He hath chosen us in him before the foundation of the world, that we should be holy and without blame before him in love: Having predestinated us unto the adoption of children by Jesus Christ to himself, according to the good pleasure of his will. (Eph 1:4-5)

This doctrine goes hand in glove with the doctrine of total depravity, that nobody can even think to do good and therefore cannot will to be saved. The doctrine leans heavily on an interpretation of the book of Galatians that equates ďworks of the LawĒ with any action of man. The argument that man cannot, of himself, achieve salvation is emphasized by Paul. ďFor by grace are ye saved through faith; and that not of yourselves: it is the gift of God.Ē (Eph 2:8)

Calvin appears to have had a proper understanding of this verse that many of his followers do not. Grammatically, in English and in Greek, the verse says that faith is the gift of God. (Today many say that the verse says grace is the gift, which cannot be.) Godís grace provides faith in man that leads to salvation. In the Calvinist view, this saving faith is granted to the elect and those to whom God does not explicitly grant this faith cannot achieve it. Thus the term unconditional election. This election is not based on any condition that if man does something God is obligated to save that person. Rather the only condition, if it can be called that, is that God is pleased to make the election.

There are many more passages that are quoted to support the idea that God makes the election. He elected Israel. He chose some of the prophets before their conception.

Along with unconditional election, though, comes the necessary thought of reprobation. If God elects some, then those he does not elect are necessarily chosen for reprobation.

Election itself could not exist without being opposed to reprobation. God is said to separate those whom he adopts to salvation. Whom God passes by, therefore, he reprobates, and from no other cause than his determination to exclude them from the inheritance which he predestines for his children. (Institutes, Book III, Chapter 23)

Some might object that this appears unjust in God. Why would a just God choose to save some and not save others based on his own whim or will? Calvinís answer to this objection is found in what Paul wrote to the Romans.

Nay but, O man, who art thou that repliest against God? Shall the thing formed say to him that formed it, Why hast thou made me thus? Hath not the potter power over the clay, of the same lump to make one vessel unto honour, and another unto dishonour? What if God, willing to shew his wrath, and to make his power known, endured with much longsuffering the vessels of wrath fitted to destruction: And that he might make known the riches of his glory on the vessels of mercy, which he had afore prepared unto glory. (Rom 9:20-23)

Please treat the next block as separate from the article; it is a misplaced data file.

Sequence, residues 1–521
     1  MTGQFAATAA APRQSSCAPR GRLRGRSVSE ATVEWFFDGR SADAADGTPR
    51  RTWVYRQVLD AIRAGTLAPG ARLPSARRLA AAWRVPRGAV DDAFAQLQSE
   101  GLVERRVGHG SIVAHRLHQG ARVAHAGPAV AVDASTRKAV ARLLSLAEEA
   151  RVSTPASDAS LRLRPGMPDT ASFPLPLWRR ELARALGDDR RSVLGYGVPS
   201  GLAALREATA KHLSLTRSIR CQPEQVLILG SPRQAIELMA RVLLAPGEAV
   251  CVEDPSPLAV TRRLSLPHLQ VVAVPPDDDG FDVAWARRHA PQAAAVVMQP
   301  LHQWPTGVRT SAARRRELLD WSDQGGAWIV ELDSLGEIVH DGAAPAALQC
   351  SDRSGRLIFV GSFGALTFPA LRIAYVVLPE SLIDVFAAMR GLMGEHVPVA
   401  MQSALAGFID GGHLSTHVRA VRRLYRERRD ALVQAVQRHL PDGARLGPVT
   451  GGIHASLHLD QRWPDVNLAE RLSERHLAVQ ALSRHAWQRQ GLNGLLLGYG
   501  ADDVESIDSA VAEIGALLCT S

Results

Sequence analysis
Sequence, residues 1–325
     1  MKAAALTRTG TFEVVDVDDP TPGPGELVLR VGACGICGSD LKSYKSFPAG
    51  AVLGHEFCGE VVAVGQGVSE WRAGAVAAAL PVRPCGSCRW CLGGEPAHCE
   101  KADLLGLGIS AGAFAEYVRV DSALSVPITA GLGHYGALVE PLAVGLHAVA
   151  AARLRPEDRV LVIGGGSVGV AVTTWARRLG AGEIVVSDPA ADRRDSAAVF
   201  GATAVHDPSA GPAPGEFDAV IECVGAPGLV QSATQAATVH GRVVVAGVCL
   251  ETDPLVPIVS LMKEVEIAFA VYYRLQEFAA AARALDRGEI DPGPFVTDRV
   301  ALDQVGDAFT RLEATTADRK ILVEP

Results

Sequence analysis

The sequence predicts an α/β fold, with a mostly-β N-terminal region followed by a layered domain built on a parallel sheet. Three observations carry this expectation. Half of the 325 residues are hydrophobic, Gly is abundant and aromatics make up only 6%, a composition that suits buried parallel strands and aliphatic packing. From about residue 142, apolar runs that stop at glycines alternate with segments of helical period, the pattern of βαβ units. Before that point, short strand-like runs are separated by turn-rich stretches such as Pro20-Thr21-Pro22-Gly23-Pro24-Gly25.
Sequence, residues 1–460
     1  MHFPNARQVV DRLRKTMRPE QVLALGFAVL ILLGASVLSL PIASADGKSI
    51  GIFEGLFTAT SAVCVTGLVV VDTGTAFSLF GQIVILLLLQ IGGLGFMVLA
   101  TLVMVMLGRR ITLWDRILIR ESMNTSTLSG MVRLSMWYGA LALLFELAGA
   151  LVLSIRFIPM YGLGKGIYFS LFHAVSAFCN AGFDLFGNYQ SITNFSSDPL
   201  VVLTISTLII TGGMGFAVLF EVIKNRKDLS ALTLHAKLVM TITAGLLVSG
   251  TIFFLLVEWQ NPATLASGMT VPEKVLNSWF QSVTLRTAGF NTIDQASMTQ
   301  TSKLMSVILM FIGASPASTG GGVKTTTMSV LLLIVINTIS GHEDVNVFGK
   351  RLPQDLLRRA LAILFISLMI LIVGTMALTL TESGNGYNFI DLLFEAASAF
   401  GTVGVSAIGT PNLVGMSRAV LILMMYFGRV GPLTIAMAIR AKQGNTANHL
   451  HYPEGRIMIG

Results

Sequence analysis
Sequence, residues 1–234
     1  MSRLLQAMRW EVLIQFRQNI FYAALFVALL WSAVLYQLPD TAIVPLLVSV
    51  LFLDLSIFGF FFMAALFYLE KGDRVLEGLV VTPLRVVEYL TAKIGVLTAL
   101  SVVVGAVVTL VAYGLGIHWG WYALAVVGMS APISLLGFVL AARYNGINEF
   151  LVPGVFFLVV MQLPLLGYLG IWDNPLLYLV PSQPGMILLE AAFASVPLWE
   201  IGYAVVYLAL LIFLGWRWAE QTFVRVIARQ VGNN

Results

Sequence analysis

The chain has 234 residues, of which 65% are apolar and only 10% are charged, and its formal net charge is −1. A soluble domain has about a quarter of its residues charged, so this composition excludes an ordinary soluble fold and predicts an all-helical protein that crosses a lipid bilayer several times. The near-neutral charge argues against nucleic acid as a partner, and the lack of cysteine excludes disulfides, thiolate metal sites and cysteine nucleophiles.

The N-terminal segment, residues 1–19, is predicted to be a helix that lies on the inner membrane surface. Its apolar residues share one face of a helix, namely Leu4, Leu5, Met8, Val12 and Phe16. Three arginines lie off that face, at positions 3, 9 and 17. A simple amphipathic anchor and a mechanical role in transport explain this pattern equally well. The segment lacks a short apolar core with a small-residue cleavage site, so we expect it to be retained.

Logical Objections

The argument of Godís injustice is just one of several arguments against the doctrine of unconditional election raised by opponents. While these may seem to be valid objections, since they are based on human reasoning or emotional response they have very little validity.

Others might object to the fatalism of the doctrine. The elect have no say in their election, nor do the lost in their reprobation. Why then, should a person worry about salvation? If the ultimate fate of an individual is already decided, then a person might as well not (or in the Calvinist view, cannot) make an effort one way or the other. If saved, rejoice in salvation; if lost rejoice in sinning.

That fatalism raises another objection. Of what value is preaching? Evangelism is meaningless. If a person is elect, they are elect regardless of hearing the scriptures. If one is reprobate, then preaching is a waste of time. To this, Calvin responds, ďAs the wicked, with obstinate heart, despise them [exhortations], they will be a testimony against them when they stand at the judgment-seat of God; nay, they even now strike and lash their consciences.Ē (Institutes, Book II, Chapter 5) When the reprobate reject preaching it just adds to the evidence against them at judgement. But what need is there of forcing additional guilt? If a sinner is guilty and to beObjections based on human reasoning or emotional response have little validity. eternally punished, of what value is one additional charge? It is similar to sentencing a mass murderer to life imprisonment five consecutive times; how can he serve more than one of those sentences?